Few, indeed, or none, of God's laws were well observed in the days of the Old Testament. But still as the Priests and Levites were dispersed through the Jewish nation, that they might teach the people religion, so we read, that in good times they did teach it accordingly; and when could this be but on the Sabbath day. We see it was the custom of religious persons, on that day, to resort to the Prophets that were in Israel; doubtless to hear the word of God from their mouths. We see public happiness promised on this condition, that men should "honour the Sabbath of "the Lord--not doing their own ways-not find. "ing their own pleasure-nor speaking their own "words."9 We see absolute ruin threatened for the profanation of it. We see a time foretold, when, "from one Sabbath to another, all flesh "should come to worship before the Lord." "2 And in consequence of this, when their captivity had taught the Jews a stricter regard to their duty, synagogues, and houses of prayer, were erected in every city; where the Maker of all things was publicly adored, and his law "read and preached every Sabbath day."3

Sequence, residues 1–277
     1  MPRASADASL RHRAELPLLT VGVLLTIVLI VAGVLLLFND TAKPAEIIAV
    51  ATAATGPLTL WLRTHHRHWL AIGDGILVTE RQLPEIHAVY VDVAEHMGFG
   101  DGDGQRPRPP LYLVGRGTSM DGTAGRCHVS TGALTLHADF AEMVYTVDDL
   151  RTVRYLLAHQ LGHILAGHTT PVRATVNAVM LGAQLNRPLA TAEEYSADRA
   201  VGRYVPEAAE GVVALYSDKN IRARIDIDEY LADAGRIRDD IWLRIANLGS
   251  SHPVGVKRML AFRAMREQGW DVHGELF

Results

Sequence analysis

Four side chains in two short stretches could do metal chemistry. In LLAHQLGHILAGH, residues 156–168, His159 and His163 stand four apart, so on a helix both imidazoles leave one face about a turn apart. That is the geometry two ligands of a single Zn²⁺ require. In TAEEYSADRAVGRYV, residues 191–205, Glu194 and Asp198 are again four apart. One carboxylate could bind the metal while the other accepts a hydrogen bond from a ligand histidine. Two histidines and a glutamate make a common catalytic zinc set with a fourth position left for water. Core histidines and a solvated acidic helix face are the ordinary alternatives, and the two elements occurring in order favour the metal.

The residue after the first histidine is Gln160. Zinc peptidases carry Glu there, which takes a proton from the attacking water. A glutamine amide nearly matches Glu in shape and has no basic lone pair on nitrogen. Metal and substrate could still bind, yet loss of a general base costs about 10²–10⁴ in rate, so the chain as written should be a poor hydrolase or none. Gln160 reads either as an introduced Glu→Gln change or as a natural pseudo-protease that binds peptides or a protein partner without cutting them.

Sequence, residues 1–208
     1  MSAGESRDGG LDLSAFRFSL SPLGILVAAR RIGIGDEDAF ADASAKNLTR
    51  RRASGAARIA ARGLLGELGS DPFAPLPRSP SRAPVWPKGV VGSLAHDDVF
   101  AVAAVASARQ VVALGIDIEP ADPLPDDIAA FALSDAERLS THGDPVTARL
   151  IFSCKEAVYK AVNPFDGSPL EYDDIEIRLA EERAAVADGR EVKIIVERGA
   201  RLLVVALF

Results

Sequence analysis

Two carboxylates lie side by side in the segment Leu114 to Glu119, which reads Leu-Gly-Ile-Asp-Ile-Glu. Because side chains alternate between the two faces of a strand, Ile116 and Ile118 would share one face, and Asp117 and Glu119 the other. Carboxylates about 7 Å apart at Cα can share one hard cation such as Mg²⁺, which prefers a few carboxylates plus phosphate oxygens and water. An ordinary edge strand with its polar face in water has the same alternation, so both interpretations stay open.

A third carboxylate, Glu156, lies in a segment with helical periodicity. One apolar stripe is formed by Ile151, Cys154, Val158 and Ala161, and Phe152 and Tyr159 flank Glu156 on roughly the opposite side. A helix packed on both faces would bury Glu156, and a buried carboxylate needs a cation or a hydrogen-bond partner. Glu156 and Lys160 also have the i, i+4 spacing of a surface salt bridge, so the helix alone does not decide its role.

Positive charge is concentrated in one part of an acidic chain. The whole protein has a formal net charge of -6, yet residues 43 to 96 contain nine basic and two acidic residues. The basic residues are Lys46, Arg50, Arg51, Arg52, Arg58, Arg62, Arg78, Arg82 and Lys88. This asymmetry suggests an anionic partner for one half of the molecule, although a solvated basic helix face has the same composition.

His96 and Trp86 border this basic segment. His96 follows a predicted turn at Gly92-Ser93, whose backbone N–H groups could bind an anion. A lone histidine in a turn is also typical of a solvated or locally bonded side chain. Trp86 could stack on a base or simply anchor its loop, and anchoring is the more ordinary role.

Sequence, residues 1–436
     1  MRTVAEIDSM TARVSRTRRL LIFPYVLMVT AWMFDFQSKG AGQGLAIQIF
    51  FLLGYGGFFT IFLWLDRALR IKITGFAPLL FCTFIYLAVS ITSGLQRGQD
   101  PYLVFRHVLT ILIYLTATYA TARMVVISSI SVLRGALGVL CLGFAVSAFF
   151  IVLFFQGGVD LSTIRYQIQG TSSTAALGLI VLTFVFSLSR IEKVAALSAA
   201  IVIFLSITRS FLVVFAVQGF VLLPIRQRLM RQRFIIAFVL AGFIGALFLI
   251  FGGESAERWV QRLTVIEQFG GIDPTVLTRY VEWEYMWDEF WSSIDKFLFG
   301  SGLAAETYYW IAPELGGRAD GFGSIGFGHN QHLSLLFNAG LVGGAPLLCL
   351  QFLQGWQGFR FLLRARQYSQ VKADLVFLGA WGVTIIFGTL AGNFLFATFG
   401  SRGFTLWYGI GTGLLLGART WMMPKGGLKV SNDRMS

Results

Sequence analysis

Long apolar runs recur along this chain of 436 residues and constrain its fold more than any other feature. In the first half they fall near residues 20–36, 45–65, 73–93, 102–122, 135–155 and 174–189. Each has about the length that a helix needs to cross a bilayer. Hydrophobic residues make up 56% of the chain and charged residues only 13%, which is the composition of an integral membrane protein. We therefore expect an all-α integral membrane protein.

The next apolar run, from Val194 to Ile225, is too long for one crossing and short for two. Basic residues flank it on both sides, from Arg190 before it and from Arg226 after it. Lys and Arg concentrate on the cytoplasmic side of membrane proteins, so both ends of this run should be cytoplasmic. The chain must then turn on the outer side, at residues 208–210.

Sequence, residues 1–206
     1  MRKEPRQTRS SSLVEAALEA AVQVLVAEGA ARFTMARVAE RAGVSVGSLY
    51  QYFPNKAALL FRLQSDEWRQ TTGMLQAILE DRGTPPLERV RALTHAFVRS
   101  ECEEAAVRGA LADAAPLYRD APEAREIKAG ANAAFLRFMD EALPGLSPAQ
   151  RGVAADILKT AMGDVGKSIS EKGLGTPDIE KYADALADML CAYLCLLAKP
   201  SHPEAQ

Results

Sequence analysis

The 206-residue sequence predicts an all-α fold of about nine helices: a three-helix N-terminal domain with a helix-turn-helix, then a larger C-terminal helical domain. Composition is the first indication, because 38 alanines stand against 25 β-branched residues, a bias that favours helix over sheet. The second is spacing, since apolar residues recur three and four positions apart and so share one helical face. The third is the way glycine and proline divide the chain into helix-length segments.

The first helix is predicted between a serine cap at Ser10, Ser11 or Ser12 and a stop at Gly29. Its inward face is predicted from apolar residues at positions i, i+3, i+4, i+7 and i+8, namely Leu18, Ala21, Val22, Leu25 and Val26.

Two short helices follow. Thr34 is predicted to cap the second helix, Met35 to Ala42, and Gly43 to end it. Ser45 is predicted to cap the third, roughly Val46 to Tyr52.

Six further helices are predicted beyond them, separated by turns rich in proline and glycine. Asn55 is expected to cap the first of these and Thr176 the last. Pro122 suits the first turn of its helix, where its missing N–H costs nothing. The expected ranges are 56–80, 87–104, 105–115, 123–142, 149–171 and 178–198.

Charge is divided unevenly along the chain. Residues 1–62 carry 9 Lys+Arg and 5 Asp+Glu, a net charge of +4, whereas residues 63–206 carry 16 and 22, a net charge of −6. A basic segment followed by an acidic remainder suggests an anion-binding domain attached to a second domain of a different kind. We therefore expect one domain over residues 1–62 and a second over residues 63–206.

Such was the state of things when our Saviour came into the world; whose religion being intended for all mankind equally, the deliverance from Egyptian bondage, in which the Jews alone were concerned, was mentioned no longer in the divine laws; but instead of the commemoration of this, was substituted that of the redemption of the world-from the dominion and punishment of sin; which our blessed Redeemer accomplished by his death, and proved himself to have accomplished by his resurrection. Accordingly, the first day of the week, being the day of his resur


(8) 2 Kings iv. 23. (9) Isa. lviii. 13, 14. (1) Jer. xvii 27. (2) Isa. lxvi. 23. (3) Acts xv. 21.